Coincidentally, these three airlines have a combined average market cap of $13 billion, which is around the same valuation as GM at the end of 2005, when Dennis invested in its bond... And debt investors have also piled into the airlines' risky bonds, which currently yield 5% to 7%, on average – about the same as Dennis' GM bond back in 2005.
This is a recipe for disaster.
This reach for yield while ignoring risk is everywhere. The stock market is near an all-time high. And the bonds of the least-creditworthy companies yield just 5% today, on average.
But despite the calm in the markets today, the U.S. economy and most businesses are in serious trouble...
U.S. corporate debt has never been more burdensome than it is right now...
Nearly one in five U.S. companies can't afford their debt. That's an alarming statistic... And as the current recession drags on, I expect this percentage to soon surpass 20%.
The truth is, many companies – like airlines – have only been paying their bills during this pandemic by borrowing more money and kicking the can farther down the road.
But you can't borrow yourself out of a crisis... Eventually, all debt must be repaid or refinanced.
And with lower sales and profits for many companies, the prospect of that happening is looking less likely with every passing day. For many companies, the shift to a remote and digital economy means their sales and profits will never recover to pre-pandemic levels.
This leads me to a simple conclusion... Much of this enormous, ever-increasing pile of debt will never be repaid.
The only way it will be cleared off the books is through bankruptcy. That's why I believe a massive wave of bankruptcies is coming in the months and years ahead...
In fact – as you know if you've read some of my recent essays – it's already getting started.
The good news is, you don't have to be a victim of this coming credit collapse...
If you're prepared, you could make a killing. And you can do it while keeping your money completely out of the stock market, using a much safer type of investment...
Distressed corporate bonds.
The coming wave of bankruptcies will open the door to tremendous opportunities in bonds...
Now, let me be clear... I'm not talking about investing in risky, expensive corporate bonds like the GM bond Dennis bought. I'm talking about safe bonds whose prices have collapsed.
You see, when the default rate soars, investors panic and dump their bonds. When they do, bond prices collapse. Bond prices and bond yields move in opposite directions... so the cheaper the bonds get, the more they yield.
But here's the important point... not every company with a bond whose price collapses will default... In a crisis, investors even beat down the bond prices of companies that can easily pay off their debt.
The key to success with this strategy is knowing which bonds are safe to own.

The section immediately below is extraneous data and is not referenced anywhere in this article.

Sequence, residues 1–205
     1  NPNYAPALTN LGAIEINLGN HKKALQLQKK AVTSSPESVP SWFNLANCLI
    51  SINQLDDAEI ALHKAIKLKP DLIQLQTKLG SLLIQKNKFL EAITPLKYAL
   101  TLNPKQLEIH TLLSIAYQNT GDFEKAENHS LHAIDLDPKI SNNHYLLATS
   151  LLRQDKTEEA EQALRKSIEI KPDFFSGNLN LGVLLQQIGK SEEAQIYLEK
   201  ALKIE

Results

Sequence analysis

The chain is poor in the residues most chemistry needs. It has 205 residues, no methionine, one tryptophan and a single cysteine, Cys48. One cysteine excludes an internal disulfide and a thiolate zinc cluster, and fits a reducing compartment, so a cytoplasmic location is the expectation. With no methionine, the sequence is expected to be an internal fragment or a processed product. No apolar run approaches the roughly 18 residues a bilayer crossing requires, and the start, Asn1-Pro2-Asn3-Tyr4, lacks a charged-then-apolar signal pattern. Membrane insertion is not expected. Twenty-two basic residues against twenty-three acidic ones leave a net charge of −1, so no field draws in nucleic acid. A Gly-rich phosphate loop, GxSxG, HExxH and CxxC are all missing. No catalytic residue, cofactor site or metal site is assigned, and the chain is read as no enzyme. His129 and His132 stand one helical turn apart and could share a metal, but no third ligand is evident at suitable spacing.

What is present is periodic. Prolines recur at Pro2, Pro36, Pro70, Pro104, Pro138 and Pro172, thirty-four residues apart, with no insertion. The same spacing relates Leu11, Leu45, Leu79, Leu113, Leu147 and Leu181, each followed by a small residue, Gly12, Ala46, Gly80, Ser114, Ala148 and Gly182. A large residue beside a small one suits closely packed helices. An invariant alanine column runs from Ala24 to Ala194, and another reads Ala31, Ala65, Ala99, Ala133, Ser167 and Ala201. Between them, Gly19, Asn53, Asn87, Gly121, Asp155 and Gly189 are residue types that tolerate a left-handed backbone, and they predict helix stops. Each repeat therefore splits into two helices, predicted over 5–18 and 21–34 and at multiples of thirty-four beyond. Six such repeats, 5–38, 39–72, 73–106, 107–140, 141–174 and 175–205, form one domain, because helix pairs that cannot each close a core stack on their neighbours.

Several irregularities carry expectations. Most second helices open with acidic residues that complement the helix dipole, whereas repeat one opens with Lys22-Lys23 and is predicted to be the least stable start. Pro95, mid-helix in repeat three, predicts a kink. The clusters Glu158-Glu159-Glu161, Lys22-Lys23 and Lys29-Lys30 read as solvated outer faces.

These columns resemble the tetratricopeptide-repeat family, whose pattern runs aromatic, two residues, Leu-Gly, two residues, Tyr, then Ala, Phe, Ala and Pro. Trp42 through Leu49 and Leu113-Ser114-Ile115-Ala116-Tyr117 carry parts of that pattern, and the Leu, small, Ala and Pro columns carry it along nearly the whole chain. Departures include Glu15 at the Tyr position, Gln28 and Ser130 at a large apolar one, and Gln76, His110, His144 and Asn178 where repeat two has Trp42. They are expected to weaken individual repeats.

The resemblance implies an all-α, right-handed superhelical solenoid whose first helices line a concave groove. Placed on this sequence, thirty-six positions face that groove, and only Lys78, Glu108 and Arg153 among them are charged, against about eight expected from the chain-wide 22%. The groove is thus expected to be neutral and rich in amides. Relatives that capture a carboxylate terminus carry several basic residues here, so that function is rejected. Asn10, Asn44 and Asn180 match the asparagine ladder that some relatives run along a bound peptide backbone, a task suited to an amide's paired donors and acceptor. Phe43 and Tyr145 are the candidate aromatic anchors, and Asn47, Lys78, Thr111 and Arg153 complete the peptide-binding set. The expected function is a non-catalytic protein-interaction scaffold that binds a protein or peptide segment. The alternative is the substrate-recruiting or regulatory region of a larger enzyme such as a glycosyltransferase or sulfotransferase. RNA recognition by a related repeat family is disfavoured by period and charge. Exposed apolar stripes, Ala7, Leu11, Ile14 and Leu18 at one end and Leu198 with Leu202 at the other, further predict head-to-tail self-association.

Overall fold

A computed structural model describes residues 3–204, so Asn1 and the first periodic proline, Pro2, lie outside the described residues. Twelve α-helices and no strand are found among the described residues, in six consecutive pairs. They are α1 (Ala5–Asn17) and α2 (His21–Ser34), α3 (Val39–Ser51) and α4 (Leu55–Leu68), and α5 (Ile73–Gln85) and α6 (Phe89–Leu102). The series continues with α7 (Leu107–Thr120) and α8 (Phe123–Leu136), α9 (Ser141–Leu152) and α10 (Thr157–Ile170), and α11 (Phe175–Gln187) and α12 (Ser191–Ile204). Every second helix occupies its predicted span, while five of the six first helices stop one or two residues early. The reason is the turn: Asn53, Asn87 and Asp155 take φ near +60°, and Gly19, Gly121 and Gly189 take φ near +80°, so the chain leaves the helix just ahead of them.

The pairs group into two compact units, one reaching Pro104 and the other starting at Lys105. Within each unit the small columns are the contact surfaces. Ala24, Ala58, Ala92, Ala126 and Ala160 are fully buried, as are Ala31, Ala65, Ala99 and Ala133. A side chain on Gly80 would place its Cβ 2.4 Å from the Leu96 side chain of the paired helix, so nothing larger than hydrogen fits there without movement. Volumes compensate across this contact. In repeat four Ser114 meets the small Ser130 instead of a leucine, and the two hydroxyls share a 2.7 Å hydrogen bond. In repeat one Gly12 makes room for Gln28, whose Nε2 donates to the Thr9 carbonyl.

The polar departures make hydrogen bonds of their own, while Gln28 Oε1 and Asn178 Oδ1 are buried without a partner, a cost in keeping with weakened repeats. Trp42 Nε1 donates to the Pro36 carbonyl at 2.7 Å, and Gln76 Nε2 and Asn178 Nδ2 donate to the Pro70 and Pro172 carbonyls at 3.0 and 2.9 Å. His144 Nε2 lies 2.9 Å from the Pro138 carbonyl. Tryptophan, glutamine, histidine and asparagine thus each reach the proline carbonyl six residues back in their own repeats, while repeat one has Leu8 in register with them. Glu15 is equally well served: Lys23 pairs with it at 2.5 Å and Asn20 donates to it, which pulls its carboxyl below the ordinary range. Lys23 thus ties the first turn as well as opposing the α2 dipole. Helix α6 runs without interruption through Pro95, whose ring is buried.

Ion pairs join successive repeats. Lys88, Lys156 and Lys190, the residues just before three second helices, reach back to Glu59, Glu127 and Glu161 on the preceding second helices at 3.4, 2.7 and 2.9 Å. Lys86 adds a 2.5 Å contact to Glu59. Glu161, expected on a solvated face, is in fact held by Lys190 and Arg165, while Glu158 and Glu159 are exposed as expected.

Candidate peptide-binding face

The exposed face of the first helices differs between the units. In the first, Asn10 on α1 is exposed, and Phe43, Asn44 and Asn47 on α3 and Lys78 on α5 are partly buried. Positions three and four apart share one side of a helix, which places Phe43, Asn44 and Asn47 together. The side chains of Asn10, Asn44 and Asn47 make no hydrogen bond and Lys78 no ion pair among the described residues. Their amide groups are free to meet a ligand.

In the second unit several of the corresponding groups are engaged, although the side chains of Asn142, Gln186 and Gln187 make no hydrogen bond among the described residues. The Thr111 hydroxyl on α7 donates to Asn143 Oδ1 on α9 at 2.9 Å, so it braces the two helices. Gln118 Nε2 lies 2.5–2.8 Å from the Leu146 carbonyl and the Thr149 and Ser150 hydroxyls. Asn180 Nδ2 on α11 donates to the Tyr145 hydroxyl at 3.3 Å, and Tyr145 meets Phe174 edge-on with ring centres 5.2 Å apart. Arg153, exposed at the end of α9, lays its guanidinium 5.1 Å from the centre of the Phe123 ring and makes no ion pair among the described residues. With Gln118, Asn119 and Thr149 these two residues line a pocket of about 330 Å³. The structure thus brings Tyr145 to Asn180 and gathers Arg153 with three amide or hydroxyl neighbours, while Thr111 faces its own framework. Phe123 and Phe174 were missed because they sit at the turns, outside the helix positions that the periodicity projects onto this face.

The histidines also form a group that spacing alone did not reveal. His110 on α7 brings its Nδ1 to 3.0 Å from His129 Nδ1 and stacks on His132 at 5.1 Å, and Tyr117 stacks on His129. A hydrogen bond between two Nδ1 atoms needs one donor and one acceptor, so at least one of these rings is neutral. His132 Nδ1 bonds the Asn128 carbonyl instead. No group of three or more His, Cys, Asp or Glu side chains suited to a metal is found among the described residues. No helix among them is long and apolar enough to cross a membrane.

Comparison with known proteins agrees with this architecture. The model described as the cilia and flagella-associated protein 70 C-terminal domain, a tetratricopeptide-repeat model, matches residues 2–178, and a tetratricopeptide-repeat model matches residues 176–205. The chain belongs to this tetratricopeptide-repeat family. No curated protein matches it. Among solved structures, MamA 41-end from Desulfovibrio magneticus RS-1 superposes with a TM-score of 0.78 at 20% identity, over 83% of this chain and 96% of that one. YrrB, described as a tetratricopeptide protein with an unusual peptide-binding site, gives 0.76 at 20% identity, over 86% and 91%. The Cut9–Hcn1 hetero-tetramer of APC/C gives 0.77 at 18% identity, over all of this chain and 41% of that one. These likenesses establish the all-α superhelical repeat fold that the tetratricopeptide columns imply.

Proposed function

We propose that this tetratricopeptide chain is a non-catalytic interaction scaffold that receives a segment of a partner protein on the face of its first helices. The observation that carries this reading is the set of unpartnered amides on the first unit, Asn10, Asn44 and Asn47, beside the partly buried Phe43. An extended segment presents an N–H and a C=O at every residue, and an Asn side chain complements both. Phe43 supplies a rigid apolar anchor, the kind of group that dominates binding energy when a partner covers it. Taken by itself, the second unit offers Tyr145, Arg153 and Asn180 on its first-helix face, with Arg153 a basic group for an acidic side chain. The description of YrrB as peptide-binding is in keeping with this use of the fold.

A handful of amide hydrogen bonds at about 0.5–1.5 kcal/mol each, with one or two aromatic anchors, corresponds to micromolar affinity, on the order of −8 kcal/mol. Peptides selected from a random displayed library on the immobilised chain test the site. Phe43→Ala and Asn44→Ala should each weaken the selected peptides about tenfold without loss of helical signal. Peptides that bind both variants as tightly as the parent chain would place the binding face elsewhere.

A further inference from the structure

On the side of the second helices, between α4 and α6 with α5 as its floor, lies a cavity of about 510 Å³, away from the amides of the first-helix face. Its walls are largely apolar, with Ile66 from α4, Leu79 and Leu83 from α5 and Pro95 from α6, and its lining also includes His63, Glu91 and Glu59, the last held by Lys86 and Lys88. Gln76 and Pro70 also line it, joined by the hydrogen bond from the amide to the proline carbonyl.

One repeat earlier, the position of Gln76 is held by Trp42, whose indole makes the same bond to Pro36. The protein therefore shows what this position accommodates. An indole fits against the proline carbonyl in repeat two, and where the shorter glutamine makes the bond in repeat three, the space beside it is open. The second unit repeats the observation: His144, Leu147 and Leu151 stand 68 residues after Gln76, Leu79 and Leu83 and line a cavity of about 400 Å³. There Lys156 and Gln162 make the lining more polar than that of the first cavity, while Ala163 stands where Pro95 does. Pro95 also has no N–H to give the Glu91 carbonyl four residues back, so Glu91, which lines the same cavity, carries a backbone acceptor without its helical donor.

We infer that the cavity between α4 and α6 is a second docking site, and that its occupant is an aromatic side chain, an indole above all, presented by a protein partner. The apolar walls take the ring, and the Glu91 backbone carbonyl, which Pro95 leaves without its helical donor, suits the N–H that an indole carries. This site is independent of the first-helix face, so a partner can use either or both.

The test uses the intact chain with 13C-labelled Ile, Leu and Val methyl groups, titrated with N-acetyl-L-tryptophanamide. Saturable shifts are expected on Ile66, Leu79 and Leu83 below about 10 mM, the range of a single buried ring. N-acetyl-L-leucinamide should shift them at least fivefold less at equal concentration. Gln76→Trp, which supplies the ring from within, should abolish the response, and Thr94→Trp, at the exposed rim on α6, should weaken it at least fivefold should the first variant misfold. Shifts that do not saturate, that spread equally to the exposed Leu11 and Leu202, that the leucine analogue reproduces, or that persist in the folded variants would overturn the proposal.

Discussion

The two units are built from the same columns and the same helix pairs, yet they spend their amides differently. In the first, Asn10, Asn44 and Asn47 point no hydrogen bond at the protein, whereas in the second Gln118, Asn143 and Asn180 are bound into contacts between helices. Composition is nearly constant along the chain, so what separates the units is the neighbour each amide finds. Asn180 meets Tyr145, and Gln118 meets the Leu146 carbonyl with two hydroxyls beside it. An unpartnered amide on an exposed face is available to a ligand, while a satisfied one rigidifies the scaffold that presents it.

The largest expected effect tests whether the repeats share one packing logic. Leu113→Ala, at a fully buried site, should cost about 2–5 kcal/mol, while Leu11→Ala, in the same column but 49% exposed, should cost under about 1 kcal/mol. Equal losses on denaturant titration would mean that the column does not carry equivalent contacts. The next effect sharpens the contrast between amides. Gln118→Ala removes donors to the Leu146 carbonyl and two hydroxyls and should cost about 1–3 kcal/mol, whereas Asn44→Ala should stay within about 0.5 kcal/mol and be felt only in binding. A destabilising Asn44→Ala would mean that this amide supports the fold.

That's where my colleague Bill McGilton and I come in...
We do all the work for you. Each month, in our Stansberry's Credit Opportunities newsletter, we tell you which distressed bonds are safe to invest in.
Bill is a former corporate lawyer. He pores through the key debt agreements of the companies we're interested in. And I analyze whether we'll get paid all of the interest and principal on our bonds we're legally owed. I've been analyzing financial statements for more than 25 years, including around 20 years as an auditor and corporate finance and accounting executive.
In the five years since launching Stansberry's Credit Opportunities in November 2015, we've closed 39 bond positions with an 85% win rate (33 were winners). And the average annualized return of these 39 positions, including our losers, is 21.8%.
That's more than 2.5 times the 8.6% return you would've earned if you had instead just invested your money in the overall high-yield corporate-bond market in that span – as measured by the iShares iBoxx High Yield Corporate Bond Fund (HYG). We've even beaten the 19.6% return of the stock market (S&P 500 Index) over the same holding period.
As you can see, when you're able to buy safe bonds at bargain-basement prices, you can make equity-like returns... with far less risk than investing in stocks.
Some of the world's greatest investors use this strategy. When a crisis unfolds – like what we're expecting soon – they pounce.
And you can be just like these world-class investors today by taking advantage of the tremendous opportunities outside of the tumultuous stock market today.
I hope you'll join us for this ride... After all, your retirement could depend on it.
Editor's note: Bill and Mike's brand-new special report, "Your Complete Guide to the Coming Credit Collapse," provides critical information on how to make a killing in the coming credit market crisis. It's so compelling, one of their longtime subscribers recently went public with his experiences using the duo's worry-free strategy. To start growing your money with peace of mind today, click here.